You know that thing that you really should be addressing but, somehow, you’re just not getting around to it? No don’t run away, let’s just have a little look at the…
You know that thing that you really should be addressing but, somehow, you’re just not getting around to it? No don’t run away, let’s just have a little look at the situation for a moment, I promise it won’t hurt.
Probably, one of the main reasons that you’re not getting around to it is that thinking about it stresses you out so, naturally, you keep it shut away somewhere in your mind where it’s not so easily accessible.
“I’ve got this cupboard, ” said my client pointing vaguely inward. “It’s where I keep things that I don’t want to think about.”
“Most of us have a cupboard like that,” I reply coming to a halt. We don’t talk and walk so if things come up we tend to stop for a few moments and take in the view.
“For some people it’s a tiny locked safe, for others it’s a cupboard with just a few things in and for some it’s a whole room stacked floor to ceiling with a hoard of unfinished business.”
“Just a few things,” she says and we move off again heading for the top of the mountain.
The exercise for the walk has been to ground the awareness in the most fundamental feeling of being alive. Then, keeping awareness of the internal living experience, expanding the feeling outwards until it takes in both the internal and the external world and the beautiful nature we are walking through.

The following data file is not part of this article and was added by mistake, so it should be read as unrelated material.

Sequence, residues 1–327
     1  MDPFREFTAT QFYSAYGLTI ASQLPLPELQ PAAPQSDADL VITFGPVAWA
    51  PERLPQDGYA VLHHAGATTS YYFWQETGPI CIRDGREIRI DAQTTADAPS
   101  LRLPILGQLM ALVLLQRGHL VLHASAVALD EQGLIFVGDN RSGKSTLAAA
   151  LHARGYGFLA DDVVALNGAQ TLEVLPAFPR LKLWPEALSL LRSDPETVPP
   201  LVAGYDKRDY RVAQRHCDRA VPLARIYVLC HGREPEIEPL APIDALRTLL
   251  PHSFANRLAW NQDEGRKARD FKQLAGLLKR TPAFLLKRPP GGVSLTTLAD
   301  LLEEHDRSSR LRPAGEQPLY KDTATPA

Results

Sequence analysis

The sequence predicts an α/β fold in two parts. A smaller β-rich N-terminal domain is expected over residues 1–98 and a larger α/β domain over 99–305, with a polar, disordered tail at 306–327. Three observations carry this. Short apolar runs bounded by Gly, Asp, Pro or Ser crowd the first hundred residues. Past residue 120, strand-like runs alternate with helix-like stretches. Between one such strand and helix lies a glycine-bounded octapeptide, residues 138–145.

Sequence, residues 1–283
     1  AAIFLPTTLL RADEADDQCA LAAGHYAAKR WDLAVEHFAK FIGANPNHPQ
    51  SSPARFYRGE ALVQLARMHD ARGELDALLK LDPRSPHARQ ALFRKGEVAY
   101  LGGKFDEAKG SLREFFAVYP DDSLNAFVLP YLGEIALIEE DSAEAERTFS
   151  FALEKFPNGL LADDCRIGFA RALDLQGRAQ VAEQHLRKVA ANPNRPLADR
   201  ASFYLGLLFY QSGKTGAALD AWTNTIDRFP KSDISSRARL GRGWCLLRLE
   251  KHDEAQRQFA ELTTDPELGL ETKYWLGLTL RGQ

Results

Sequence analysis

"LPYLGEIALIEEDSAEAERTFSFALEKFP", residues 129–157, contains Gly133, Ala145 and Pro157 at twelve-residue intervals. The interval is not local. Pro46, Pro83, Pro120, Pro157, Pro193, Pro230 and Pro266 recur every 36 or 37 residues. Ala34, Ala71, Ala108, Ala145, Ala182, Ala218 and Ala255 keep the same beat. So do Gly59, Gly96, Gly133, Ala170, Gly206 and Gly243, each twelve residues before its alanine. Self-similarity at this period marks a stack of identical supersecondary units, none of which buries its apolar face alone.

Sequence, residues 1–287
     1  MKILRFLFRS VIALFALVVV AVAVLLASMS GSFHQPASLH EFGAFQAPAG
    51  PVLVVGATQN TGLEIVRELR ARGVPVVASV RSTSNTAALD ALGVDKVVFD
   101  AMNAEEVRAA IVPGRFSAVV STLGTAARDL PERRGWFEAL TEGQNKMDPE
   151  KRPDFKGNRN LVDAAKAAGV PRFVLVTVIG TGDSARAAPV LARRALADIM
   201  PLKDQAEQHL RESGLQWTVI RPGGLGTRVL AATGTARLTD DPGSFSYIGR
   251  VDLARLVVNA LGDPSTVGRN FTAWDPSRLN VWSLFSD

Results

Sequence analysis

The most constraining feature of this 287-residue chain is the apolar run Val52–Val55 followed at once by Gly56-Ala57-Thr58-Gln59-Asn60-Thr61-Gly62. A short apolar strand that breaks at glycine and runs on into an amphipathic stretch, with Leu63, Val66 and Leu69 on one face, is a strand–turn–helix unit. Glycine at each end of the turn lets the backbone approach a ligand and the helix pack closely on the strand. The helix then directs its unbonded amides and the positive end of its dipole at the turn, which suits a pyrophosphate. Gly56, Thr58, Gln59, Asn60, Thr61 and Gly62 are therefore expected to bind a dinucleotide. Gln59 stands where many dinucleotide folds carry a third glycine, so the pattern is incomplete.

This is mindfulness walking and from this perspective, all the judgements and stories that we attach to ourselves and all the beliefs we harbour about who we are and what we are capable of unfold in awareness and come and go like the wind in the trees or the atmosphere in the forest.
When the clutter of the psyche is experienced this way, it’s not so much that we dissociate from them but, rather we cease to allow them to define us and we start to experience them as fluid and malleable. And as we mindfully walk with them, the old patterns lose their stickiness and new possibilities emerge in their place.
Mindfulness is not disassociation; it’s not about disconnecting from uncomfortable feelings or memories, instead it’s about being with them without attachment and developing a meta-perspective from which we can acknowledge everything in it’s correct context.
On arriving at the summit my client smiled and spread her arms wide in that way that people spontaneously seem to do on mountaintops as if throwing open the cupboard doors and allowing the light of awareness to shine in.
Mindfulness often means that very few words are needed and nature does the rest.
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